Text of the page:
Go to contents

Panel Seeks to Reduce Regional Bias in Elections

Posted June. 09, 2010 14:25,   


The Presidential Committee on Social Harmony announced Tuesday that it will host a debate on a reshuffle of the electoral constituency system in the second half of the year to ease regionalism.

President Lee Myung-bak last year also suggested the need to reform the electoral constituency system to resolve regionalism in his Liberation Day speech on Aug. 15. So attention is on whether the discussion will flare up over a reshuffle of the system.

The committee has run subcommittees on social class, ideology, region and generation since its inauguration in December last year, and is discussing social conflict and how to resolve it. It presented in a meeting Tuesday 10 projects, including the reform of the electoral constituency system.

▽ Reform of the election system

One of the committee’s ambitious projects is reform of the election system. It claimed that political structure based on regionalism is the biggest obstacle to social integration, calling the election system a major cause for one-party control of regions.

Referring to the single-member, small-district constituency system for the general elections, the committee said, “The system is advantageous only to the party with strong regional backing and helps reinforce the political structure of regionalism, and ballots in support of other parties become waste votes and distort the real intents of voters.”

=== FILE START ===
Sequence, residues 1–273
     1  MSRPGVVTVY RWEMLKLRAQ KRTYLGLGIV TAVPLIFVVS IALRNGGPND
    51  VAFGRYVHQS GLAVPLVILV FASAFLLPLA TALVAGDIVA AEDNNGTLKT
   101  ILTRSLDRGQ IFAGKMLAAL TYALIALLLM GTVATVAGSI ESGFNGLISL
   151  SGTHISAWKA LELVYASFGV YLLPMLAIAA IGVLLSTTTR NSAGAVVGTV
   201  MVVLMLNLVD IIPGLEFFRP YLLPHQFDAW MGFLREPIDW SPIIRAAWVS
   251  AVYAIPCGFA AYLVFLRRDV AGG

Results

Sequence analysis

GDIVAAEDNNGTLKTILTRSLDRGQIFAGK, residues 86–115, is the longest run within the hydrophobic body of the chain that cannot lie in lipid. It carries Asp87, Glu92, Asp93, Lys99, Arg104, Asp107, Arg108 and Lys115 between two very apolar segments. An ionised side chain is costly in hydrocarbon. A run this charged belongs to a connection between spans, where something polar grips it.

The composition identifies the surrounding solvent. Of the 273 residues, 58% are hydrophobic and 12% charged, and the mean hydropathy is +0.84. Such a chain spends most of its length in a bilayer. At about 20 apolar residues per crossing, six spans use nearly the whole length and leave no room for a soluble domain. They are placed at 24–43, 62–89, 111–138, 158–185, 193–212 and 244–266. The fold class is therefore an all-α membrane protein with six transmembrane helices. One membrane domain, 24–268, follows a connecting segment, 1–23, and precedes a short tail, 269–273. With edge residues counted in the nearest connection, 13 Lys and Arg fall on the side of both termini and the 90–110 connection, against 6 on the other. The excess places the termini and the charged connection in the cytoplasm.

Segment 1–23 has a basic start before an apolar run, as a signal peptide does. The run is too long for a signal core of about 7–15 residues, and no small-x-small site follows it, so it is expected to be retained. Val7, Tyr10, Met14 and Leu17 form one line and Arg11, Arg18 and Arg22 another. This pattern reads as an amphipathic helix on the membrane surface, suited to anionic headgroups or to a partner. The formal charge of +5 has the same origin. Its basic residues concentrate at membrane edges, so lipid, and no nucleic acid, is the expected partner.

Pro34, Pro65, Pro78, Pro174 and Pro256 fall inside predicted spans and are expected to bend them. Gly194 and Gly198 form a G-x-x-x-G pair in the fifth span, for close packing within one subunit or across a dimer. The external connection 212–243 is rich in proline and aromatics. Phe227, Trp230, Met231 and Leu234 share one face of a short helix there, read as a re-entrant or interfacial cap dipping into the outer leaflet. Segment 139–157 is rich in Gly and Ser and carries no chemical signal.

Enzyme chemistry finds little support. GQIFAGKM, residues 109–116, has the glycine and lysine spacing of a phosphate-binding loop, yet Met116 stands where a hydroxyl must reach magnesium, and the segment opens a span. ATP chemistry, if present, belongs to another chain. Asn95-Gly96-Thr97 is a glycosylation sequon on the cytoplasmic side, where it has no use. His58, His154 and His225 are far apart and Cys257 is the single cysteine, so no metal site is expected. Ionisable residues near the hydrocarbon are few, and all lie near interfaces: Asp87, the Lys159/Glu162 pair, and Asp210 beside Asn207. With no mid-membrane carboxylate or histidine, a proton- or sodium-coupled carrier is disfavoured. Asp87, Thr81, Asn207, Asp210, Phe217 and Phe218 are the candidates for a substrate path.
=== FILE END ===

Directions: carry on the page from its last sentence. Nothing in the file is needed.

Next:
As a result, the committee told the president that it is discussing with the Korea Association of Party Studies and election experts the pros and cons of multiple-member, medium and large district-based electoral constituency systems, the portions of political party-based and candidate-based voting, and parliamentary seat quotas.

It will launch a public debate, including public hearings on several alternative measures, including the introduction of mid- to large-size electoral district systems that elect two or more representatives per constituency or the expansion of the proportional representation system.

The committee has also reviewed problems that appeared in last week’s local elections. It will examine the shortcomings of the party-recommended candidacy system for the heads of provincial and municipal governments, improving the system, problems in the elections of educational superintendents and education board members, and resolving them.

▽ Improving working conditions for part-time college lecturers

In the wake of a suicide by a part-time college lecturer over wages, the committee also reported to the president that it will consider a system to improve the job security of part-time lecturers and raising their pay level from 25 percent of a full-time lecturer’s salary to half. They will also qualify for the four basic types of insurance.

The committee also announced that it will raise pay for part-time lecturers at national and public universities who teach more than nine hours per week. The plan is to spend 27 billion won (22 million U.S. dollars) and encourage private colleges to voluntarily join the campaign.

Committee chairman Goh Kun quoted President Lee as saying the part-time lecturer issue “should be resolved at any rate.”

On the deadly clash last year between police and residents in a redevelopment area in Seoul’s Yongsan district, the presidential panel also announced measures to resolve conflict over urban redevelopment and reconstruction projects.

Suggestions included more compensation for shop owners in such areas, expansion of substitute store leases, and introduction of the automatic cessation of projects in areas where a project`s launch is delayed only after designation as a redevelopment site.